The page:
1952 Willys MC M38 Jeep
1952 Willys MC M38 Jeep
1952 Willys MD M38 Jeep
1952 Willys MD M38 Jeep
1952 Willys MD M38 Jeep
1952 Willys MD M38 Jeep


VIN: 21050
License # Serial #: 83145
Engine: Willys Hurricane F-Head 134 inline-four cylinder engine
Cubic Inch: 134.2
Horsepower: 60
Suspension: 4 WD, 4 Leaf Springs
Transmission: T-90 3-Speed
Transfer Case: Dana 19
Tires: 700 x 16 NDT
Electrical: 24 Volt
Weight: 2665 lbs
Length/Width: 139 inches, 61 inches
Status Static Display
Owner: Estrella Warbirds Museum


This Jeep was assigned to Marine Corps Base Camp Pendleton, California. It was first sold to a collector in Southern California. It was purchased in 2008 by Richard Woodland, refurbished, and put on display at the Estrella Warbird Museum in 2009.

The Willys MC, formally the 1⁄4-Ton, 4 x 4, Utility Truck M38, or the G‑740 by its U.S. Army Standard Nomenclature supply catalog designation, is a quarter-ton four-wheel drive military light utility vehicle made by Willys between 1949 and 1952. It replaced (in production), and succeeded the World War II Willys MB and Ford GPW models, with a total production of some 50,000 units — less than one tenth the number of WWII models built. Unlike during WWII, Ford was no longer involved in the production.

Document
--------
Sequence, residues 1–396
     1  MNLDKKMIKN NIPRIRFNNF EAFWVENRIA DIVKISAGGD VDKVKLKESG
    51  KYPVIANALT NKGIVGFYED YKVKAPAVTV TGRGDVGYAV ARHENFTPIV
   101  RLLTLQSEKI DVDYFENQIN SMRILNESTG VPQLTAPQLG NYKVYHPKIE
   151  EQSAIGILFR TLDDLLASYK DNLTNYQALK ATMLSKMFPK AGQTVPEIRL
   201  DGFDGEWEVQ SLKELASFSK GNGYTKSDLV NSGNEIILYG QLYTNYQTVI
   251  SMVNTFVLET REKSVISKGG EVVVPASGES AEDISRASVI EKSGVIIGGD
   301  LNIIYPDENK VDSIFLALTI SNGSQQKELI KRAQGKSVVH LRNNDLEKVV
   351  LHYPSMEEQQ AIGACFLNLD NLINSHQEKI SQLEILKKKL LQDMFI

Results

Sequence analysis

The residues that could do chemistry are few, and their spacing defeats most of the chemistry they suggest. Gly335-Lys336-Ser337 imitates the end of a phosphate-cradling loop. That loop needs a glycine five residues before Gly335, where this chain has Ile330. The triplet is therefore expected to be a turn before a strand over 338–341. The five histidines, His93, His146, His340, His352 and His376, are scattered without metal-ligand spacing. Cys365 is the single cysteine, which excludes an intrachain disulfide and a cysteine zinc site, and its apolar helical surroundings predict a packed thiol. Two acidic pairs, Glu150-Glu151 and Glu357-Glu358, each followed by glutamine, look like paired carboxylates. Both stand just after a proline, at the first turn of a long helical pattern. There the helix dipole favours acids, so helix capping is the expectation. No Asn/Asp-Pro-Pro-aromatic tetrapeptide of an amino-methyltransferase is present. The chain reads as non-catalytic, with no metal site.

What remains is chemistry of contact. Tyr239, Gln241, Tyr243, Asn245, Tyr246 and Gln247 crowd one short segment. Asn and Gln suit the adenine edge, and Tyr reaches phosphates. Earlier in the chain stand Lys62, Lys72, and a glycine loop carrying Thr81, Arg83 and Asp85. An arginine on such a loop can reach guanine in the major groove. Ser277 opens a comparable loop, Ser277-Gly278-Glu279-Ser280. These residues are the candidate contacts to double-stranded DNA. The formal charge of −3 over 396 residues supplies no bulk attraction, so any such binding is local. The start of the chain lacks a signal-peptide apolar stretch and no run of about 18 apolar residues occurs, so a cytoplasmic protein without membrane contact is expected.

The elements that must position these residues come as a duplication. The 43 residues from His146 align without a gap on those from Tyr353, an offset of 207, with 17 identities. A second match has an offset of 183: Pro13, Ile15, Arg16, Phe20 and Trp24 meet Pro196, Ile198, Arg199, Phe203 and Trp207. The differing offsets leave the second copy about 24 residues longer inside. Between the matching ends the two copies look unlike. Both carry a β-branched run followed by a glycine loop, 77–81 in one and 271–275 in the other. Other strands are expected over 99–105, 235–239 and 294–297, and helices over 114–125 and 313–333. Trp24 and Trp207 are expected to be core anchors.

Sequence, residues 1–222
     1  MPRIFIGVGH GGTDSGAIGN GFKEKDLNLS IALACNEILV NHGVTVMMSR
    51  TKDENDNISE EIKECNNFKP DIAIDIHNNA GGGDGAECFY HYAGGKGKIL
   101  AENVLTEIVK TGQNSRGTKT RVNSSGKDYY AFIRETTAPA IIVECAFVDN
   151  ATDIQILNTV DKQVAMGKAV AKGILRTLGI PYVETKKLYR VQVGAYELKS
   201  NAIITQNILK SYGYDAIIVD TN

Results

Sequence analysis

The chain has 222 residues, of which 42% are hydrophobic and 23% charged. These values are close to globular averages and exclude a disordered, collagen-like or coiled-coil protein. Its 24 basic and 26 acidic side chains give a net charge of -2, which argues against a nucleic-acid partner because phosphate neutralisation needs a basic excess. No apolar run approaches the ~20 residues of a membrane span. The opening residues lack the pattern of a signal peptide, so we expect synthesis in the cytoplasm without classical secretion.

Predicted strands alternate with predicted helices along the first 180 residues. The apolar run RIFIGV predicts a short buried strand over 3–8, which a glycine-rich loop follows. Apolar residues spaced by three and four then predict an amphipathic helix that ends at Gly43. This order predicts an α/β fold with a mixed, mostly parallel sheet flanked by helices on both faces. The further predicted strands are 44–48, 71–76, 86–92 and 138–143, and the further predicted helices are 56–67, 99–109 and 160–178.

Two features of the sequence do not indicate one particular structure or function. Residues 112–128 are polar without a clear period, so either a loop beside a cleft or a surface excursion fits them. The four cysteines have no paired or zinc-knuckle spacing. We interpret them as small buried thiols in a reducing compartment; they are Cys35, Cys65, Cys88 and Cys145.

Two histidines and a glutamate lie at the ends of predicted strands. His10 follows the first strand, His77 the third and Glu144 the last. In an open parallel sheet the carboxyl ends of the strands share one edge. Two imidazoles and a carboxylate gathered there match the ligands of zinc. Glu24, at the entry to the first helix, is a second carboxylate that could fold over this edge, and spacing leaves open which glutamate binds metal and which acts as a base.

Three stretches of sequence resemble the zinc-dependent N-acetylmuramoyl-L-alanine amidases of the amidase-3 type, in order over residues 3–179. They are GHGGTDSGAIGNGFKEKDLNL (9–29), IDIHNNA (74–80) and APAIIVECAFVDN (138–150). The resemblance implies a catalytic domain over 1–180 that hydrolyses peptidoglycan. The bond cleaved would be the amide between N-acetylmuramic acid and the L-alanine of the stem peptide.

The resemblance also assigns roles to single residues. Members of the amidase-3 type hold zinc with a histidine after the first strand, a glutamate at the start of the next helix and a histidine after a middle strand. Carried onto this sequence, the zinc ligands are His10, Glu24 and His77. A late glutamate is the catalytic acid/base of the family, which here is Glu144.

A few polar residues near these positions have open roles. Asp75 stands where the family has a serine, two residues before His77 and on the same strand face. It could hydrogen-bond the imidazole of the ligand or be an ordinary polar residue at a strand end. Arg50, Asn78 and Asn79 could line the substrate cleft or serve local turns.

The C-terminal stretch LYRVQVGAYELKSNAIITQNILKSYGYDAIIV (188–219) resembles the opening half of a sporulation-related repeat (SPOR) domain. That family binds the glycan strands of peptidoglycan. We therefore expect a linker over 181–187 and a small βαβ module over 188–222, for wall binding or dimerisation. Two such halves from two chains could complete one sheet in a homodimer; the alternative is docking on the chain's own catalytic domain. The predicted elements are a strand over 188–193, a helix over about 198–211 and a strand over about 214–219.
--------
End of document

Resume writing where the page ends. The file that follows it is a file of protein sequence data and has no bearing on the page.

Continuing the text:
The M38 was a military version of the then-current civilian Jeep CJ-3A. It differed from the CJ-3A in numerous ways, including a reinforced frame and suspension, waterproof 24-volt electrical system, sealed vent system for the engine, transmission, transfer case, fuel system and brake system.

Some M38 jeeps served in the Korean theatre of operations, but the majority of units used there were remanufactured World War II jeeps. Approximately 2,300 M38 Jeeps were manufactured by Ford of Canada for Canadian Armed Forces in 1952, designated as the M38-CDN jeep. The M38 Willys MC was succeeded by the M38A1 Willys MD in 1952.

The M38 windshield could be folded flat for firing and the body was equipped with a pintle hook for towing and lifting shackles front and rear. The headlights were no longer recessed as on previous models, but protruded with a guard wire in front. The "pioneer" tools (axe and shovel) which were carried on the MB's driver side were transferred to the passenger side of this vehicle.

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